Low-impact development ordinances encourage Smart Growth practices in the Dâ€™Olive Watershed
Non-point source pollution is a significant contributor to water quality degradation and can diminish the chance to pursue meaningful stream restoration. Impervious cover in the D’Olive Watershed in Alabama in increasing, and there is more stormwater runoff and changes to drainage patterns. Erosion and sedimentation concerns in the watershed’s stream network and in D’Olive Bay and Mobile Bay, its receiving waters, have escalated.
The D’Olive Watershed Working Group (DWWG), a coalition of federal, state and local agencies, property owners, developers and commercial interests, completed a comprehensive watershed management plan (WMP) in 2010. On the plan’s recommendation, the D’Olive Intergovernmental Task Force (DITF) was formed in 2011 and has been strategically implementing management measures set forth in the plan. Communities within the watershed include the cities of Daphne and Spanish Fort. Mississippi-Alabama Sea Grant Consortium and the Mobile Bay National Estuary Program have partnered to facilitate the DITF since its inception.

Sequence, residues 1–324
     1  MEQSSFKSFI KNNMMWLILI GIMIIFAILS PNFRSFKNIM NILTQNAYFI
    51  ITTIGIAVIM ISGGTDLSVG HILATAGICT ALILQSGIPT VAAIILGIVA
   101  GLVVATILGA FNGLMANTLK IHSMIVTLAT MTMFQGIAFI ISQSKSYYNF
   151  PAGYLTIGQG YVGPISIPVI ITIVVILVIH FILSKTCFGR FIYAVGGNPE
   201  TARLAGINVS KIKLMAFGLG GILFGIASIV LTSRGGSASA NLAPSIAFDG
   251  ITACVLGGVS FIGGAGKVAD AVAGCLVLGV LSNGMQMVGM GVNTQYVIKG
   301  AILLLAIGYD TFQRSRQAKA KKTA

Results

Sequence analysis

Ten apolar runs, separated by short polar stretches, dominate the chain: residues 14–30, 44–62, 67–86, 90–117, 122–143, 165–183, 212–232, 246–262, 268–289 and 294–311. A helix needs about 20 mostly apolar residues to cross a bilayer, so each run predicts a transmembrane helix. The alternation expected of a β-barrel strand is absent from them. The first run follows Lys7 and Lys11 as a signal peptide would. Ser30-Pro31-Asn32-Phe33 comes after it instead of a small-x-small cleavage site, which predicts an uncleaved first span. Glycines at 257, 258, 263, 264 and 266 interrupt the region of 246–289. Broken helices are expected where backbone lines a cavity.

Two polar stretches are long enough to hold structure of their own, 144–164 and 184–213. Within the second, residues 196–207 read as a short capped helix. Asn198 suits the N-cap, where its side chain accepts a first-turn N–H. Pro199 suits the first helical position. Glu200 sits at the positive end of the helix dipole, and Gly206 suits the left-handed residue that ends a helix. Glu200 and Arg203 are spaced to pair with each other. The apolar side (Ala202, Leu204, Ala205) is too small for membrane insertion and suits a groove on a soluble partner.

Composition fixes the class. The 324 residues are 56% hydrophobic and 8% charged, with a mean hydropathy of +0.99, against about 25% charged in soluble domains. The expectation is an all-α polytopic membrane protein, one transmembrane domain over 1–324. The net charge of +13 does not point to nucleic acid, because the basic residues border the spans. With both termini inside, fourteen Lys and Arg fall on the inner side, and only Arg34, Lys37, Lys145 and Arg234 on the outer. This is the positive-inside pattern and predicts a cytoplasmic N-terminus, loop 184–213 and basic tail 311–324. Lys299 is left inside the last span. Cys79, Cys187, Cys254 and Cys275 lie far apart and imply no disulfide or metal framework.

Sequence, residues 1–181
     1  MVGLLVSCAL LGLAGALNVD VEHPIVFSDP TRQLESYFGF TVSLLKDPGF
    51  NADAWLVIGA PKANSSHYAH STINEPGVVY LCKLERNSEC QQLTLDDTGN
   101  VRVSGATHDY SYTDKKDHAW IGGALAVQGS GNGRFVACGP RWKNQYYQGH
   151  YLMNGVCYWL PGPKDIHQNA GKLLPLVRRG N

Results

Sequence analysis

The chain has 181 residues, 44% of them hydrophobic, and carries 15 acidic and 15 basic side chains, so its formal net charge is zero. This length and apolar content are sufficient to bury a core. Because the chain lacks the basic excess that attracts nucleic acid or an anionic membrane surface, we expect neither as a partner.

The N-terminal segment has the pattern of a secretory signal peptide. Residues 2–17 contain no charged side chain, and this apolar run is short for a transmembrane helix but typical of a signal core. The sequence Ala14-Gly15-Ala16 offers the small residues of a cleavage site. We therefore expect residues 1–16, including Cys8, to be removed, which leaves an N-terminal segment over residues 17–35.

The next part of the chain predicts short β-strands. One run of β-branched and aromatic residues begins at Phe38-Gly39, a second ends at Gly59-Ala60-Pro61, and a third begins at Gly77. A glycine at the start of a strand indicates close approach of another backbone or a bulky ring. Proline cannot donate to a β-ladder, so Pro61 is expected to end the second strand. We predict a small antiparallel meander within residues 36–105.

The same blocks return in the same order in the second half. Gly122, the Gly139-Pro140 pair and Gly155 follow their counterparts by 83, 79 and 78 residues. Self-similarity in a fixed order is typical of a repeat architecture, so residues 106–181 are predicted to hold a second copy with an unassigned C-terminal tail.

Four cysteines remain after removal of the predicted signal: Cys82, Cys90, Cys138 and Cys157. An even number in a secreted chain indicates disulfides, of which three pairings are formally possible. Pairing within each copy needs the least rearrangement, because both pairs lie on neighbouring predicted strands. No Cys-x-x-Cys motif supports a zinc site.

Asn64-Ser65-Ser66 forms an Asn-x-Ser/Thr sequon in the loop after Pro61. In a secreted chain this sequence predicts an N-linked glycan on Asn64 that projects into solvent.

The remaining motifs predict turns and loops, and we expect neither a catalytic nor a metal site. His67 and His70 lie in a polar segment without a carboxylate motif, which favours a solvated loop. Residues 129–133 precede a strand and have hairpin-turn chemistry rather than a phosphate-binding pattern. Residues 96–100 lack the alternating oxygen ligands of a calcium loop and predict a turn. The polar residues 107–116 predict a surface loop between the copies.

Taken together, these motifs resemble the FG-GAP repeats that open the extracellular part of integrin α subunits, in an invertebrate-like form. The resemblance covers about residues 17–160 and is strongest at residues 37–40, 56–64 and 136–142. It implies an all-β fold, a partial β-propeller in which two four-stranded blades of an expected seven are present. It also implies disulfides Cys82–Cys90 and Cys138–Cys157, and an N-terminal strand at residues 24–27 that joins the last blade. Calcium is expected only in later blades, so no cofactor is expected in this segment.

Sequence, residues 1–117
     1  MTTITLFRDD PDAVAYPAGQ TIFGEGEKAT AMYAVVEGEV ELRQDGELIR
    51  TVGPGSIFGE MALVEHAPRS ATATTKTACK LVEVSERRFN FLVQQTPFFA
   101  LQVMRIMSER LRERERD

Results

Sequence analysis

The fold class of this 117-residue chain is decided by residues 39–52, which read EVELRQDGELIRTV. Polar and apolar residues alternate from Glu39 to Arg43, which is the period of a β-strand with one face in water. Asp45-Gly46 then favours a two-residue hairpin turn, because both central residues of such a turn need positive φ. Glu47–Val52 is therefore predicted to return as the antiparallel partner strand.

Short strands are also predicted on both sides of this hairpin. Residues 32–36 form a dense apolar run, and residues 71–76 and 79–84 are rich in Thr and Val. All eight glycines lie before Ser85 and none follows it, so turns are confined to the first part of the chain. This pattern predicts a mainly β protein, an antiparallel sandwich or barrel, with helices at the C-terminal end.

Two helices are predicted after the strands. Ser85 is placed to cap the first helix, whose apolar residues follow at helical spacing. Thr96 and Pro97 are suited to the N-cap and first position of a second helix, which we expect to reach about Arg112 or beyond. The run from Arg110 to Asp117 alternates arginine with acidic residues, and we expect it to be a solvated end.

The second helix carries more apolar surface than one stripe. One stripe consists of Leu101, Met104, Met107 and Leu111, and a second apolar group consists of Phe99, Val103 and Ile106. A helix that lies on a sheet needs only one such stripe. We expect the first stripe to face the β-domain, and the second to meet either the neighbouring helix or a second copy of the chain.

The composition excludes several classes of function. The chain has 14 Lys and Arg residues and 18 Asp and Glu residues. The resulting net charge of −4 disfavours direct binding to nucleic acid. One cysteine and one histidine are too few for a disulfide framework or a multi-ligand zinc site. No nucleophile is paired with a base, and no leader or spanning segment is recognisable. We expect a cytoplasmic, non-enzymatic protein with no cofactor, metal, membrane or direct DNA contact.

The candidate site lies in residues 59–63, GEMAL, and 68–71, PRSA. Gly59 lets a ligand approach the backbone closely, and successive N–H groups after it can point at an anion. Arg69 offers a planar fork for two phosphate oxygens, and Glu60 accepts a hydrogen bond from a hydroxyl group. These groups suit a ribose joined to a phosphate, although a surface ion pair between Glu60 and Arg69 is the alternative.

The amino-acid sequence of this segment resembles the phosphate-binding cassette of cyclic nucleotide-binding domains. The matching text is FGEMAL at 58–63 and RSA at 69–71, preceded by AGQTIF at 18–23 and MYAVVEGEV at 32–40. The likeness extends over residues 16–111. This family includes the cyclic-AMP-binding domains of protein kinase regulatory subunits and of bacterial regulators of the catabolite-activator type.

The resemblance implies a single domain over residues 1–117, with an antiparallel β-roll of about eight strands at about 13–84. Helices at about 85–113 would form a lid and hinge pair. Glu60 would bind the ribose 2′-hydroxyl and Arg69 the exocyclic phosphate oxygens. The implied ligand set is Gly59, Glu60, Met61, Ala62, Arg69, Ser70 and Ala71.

Through MASGC and Mobile Bay National Estuary Program outreach programs for the D’Olive Intergovernmental Task Force, Daphne and Spanish Fort adopted consistent design guidance ordinances to encourage low-impact development (LID)/green infrastructure techniques in effort to minimize impervious cover in future developments within the watershed. In 2016, the City of Spanish Fort enacted new subdivision regulations which allow for low-impact development as an option in future construction.
The City of Spanish Fort, Alabama, adopted new subdivision regulations to allow future development in the D’Olive Watershed to incorporate smart growth concepts and minimize impacts of impervious cover.